As you watched the 12.12.12 Sandy Relief concert, did you feel a little left out? There is a good reason for that feeling of charitable abandonment: You were left out. If you have a home that was destroyed by Hurricane Sandy in Ventnor, a business in Sea Isle that is still closed, or if, god forbid, you are one of the 12 families in Pennsylvania who lost a loved one to the storm, 12.12.12 wasn’t for you. Wrong zip code, sorry.
Sandy affected homes and lives from the Carolinas to Maine. Most of them are flat out of luck too. But 12.12.12 was aimed at the New York area. It’s not that the New York area doesn’t need most of the money; it was the hardest area hit, and the death and destruction is horrifying. But it seems odd, with a concert of this nature, that every other area is left out.
I started to get suspicious when every performer, speaker and pre-produced package talked about Queens, Staten Island, Long Island, Connecticut and the North Jersey Coast. Even Steve Buscemi, who stars in Boardwalk Empire, a TV show based on Atlantic City, never mentioned South Jersey. It seems the relief effort goes as far north as David Letterman’s home and as far south as Bruce Springsteen’s beloved Asbury Park.
The Robin Hood Foundation, the non-profit organization distributing the money, has this on its website: “We find, fund and partner with programs that have proven they are an effective remedy to poverty and are a consistent force for good in the lives of New Yorkers in need.”
For the Sandy relief effort, the organization has expanded its scope, but that still excludes us and, seemingly, everyone in a 30-mile radius of Manhattan.
“Robin Hood has launched a large-scale relief effort to aid our neighbors in the tri-state area whose lives have been shattered by Hurricane Sandy. Within hours of the storm, Robin Hood-funded non-profits were providing blankets, hot food, heaters, generators and more to residents in Red Hook, Coney Island, the Rockaways and all across the region.”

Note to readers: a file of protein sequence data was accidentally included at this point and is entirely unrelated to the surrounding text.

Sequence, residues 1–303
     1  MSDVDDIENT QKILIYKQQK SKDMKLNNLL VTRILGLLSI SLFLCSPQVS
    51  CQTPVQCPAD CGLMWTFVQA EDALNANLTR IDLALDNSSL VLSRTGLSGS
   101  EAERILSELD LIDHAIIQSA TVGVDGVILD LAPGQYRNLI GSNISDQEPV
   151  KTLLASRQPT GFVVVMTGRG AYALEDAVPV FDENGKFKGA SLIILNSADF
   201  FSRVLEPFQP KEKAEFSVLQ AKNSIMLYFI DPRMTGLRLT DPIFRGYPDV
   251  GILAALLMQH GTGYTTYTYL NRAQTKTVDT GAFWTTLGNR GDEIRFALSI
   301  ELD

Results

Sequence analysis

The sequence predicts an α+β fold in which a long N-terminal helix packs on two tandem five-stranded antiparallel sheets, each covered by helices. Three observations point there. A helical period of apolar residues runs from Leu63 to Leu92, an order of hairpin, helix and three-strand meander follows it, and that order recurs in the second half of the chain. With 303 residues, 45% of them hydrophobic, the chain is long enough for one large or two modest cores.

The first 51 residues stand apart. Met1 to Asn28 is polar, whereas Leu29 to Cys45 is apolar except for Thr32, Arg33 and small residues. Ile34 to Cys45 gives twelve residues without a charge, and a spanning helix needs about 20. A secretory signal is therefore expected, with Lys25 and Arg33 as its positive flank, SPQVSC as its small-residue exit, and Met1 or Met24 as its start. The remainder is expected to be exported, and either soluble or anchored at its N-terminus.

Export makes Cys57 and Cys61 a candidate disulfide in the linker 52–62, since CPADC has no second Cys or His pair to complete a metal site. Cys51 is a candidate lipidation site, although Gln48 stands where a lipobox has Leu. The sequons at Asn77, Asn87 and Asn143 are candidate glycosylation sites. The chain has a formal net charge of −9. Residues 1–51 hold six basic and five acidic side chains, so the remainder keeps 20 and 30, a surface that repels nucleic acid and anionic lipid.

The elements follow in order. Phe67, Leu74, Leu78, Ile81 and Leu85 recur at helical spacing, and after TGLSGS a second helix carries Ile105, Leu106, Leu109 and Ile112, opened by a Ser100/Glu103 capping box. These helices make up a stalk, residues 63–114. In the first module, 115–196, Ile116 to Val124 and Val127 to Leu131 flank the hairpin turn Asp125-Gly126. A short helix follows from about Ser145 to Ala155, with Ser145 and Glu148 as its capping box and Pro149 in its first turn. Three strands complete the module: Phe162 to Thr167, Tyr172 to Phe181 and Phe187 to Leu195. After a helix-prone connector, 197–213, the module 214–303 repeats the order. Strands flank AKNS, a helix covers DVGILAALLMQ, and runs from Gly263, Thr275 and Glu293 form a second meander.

In case you were wondering, Pennsylvania is not one of the “tri-states.”
This morning I made several calls to the Robin Hood Foundation and have been given the runaround. If you were hit hard by Sandy, give them a call at 212-227-6601 or email them at firstname.lastname@example.org and ask if you’re geographically excluded.
Through the night, concert participants bragged that two billion people around the world were watching the international event. Thirty million dollars have been raised in ticket sales. The real money will come in donations and merchandizing and could be closer to $300 million—all going to one small non-profit in New York City.
There is sure to be scrutiny over that money and investigations into how it is distributed. My hope is that the charity donates to Sandy victims up and down the coast. My fear is that organizers will use the extra money for their own pet projects in the New York City area, which would not necessarily be false advertising. This is how the website promoted the event:
“12-12-12”, a fundraising concert to aid the victims of Hurricane Sandy, will take place on December 12 at Madison Square Garden. The concert is being presented by Chase, and the proceeds will go to the Robin Hood Relief Fund. Robin Hood, the largest independent poverty fighting organization in the New York area, will insure that every cent raised will go to non-profit groups that are helping the tens of thousands of people throughout the tri-state area who have been affected by Hurricane Sandy.”
Since everyone in the New York area was “affected by Hurricane Sandy” in some way, the charity could defend almost any use of the money in the New York area.
As for the rest of us, maybe we can hold our own concert. Where’s Will Smith when you need him?